Foto: Frontansicht des Passivhauskindergartens Ziersdorf

LTS Flywheel - Long Term Storage-Flywheel: New approaches for increasing the economically usable storage time and safety

Development of the fundamentals for a Long Term Storage (LTS)-flywheel for decentralized storage of electrical energy (e.g. from wind or PV power plants), with a significant increase in storage time (goal: 12 hours) and safety, featuring low system costs. Therefore, the LTS-Flywheel is an essential contribution to the building of the future.

Short Description

Status

completed

Summary

 

Starting point/Motivation

Flywheels are a sustainable solution for decentralized energy storage. They offer longer life cycles (over 25 years), no requirement for maintenance, and usage of harmless, easily available materials, compared to other storage technologies, as for example accumulators. Flywheels, available up to now, are designed for short term energy storage in the region of minutes.

Contents and Objectives

The technological challenge within this research project is the development of fundamentals for a technology leap - Long Term Storage flywheel. Aim is a significant increase in storage time (12 hours at 80% load efficiency). Additionally, high reliability and low system costs are defined as project aims. This LTS-flywheel shall allow decentralized storage of electrical energy, for instance produced in in-house photovoltaic systems. Therefore, it is an essential contribution for developing the technological basis for the building of the future, especially the plus energy house.

Methods

For realizing the research aims, the project comprises the following focuses:

  • Exploratory focus on a full parametric simulation model
    Development of a full parametric simulation model for optimizing a flywheel regarding to a definable performance function: Definition of all required optimization parameters, determination of all interdependences, modeling of all flywheel components as MATLAB/ Simulink simulation models, optimized regarding to minimal computing time.
  • Exploratory focus on bearings
    Development of fundamentals of a magnetic bearing system with significantly increased energy efficiency compared to present magnetic bearing systems, and high reliability - cascaded hybrid magnetic bearing system with high reliability for radial and axial stabilization. This consist of a high efficient primary magnetic bearing with a permanent magnetic path for the application of static axial bearing forces and high efficient active magnetic bearings (AMB) for minimum energy consumption during normal operation with fully-adaptive control, an automatic switchover into a high performance AMB operation mode for start-up, interception of large external forces (e.g. earthquake) or emergency operation, as well as redundant high performance AMB systems in case of a power supply collapse or a malfunction within the primary high efficient/high performance AMB-system.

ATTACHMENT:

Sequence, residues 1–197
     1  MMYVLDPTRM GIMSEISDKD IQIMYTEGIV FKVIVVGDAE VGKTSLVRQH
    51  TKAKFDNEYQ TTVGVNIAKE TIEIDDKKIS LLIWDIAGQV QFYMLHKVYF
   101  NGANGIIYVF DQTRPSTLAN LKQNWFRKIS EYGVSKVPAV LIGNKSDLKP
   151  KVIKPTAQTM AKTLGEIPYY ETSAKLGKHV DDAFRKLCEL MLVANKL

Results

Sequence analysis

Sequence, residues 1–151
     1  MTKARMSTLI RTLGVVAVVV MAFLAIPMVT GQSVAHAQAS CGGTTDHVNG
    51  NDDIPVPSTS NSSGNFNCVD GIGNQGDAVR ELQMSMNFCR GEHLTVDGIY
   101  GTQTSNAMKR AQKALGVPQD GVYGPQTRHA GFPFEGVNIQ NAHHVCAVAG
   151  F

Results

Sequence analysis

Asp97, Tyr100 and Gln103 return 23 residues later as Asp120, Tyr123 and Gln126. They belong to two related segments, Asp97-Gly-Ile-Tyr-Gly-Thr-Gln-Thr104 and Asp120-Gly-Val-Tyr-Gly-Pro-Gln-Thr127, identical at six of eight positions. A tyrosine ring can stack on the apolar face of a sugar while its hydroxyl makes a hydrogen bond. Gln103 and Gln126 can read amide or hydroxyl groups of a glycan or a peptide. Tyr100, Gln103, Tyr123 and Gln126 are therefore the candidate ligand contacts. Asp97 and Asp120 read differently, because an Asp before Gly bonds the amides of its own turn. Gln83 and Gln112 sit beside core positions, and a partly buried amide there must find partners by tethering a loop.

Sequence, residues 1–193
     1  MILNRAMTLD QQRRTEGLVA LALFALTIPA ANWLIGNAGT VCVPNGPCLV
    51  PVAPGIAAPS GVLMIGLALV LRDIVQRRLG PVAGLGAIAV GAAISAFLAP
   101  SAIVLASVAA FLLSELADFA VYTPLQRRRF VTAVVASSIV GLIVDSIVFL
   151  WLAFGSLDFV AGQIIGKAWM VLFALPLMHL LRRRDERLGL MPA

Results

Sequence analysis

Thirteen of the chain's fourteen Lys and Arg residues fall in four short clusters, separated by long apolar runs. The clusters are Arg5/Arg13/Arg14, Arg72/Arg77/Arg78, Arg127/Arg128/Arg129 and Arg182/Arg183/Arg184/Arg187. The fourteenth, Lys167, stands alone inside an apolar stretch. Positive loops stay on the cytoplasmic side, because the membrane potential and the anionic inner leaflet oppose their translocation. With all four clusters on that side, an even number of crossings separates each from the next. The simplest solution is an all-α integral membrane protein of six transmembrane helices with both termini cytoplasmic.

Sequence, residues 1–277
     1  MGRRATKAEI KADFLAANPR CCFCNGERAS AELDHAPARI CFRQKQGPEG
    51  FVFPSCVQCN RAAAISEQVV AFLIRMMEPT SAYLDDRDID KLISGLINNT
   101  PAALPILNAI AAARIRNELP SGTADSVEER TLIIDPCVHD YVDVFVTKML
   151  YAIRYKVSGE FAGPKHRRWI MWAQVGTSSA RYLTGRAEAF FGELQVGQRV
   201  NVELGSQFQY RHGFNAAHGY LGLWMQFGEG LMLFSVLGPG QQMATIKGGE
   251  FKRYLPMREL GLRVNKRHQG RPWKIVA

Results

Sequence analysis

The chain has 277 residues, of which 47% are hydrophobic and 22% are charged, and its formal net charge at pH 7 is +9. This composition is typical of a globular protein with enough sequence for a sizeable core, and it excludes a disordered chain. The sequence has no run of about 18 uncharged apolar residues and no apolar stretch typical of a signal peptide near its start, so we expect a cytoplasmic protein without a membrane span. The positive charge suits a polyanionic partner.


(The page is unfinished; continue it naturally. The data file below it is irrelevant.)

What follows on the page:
• Exploratory focus on the rotor
    Development of fundamentals for an optimum rotor design with respect to high energy storage capacity, small necessary control inputs concerning the bearing, integration of all required bearing and motor/generator components and optimum utilization of material properties (young’s modulus, density, tensile strength, etc.) with respect to rotor configuration (eigenfrequencies, material combinations, winding and lamination technology, costs of materials and manufacturing, balancing, et cetera).
  • Exemplary optimization for 12h-energy storage for photovoltaic systems
    Exemplary optimization of the whole system as LTS-flywheel with 12h-storage time for photovoltaic systems using MATLAB/Simulink.
  • Experimental validation of the research results
    Validation of the research results, using a test arrangement based on the optimization results. Investigation of total power losses dependent on diverse operational states, behavior in case of component faults or sudden high bearing forces, power supply collapse.

Results

Within the project, an innovation leap to much higher energy efficiency and therefore much longer storage times, higher reliability and security, as well as reduced system costs compared to commercially available flywheels has been be achieved.

The development of the LTS-Flywheel concept was been made possible by a global simulation, design and optimization approach in conjunction with a detailed modeling of all components as well as innovative solutions in the field of magnetic bearings, the rotor and the complete electronics. For almost all of the individual components new concepts had to be developed to meet the project goals at the best.

Further on, the development results within the project clearly demonstrate the high energy saving potential within the complete electronics chain (signal acquisition, control, power electronics, power supply).

Prospects / Suggestions for future research

The results of this project are the basis for the FFG-research project "Optimum Shape Flywheel". Within this project, further research regarding to optimal flywheel design and required manufacturing techniques is carried out.

Project Partners

Project management

Dipl.-Ing. Dr.techn. Alexander Schulz
Vienna University of Technology, department for mechanics and mechatronics

Contact Address

Technische Universität Wien, Institut für Mechanik und Mechatronik
Abteilung 4: Messtechnik und Aktorik
Dipl.-Ing. Dr.techn. Alexander Schulz
Wiedner Hauptstrasse 8-10/E325
A-1040 Wien, Österreich
Tel.: +43 (1) 58801 - 30313
Fax: +43 (1) 58801 - 30399
E-Mail: alexander.schulz@tuwien.ac.at

Diese Seite auf Deutsch

Share this page ...

to Start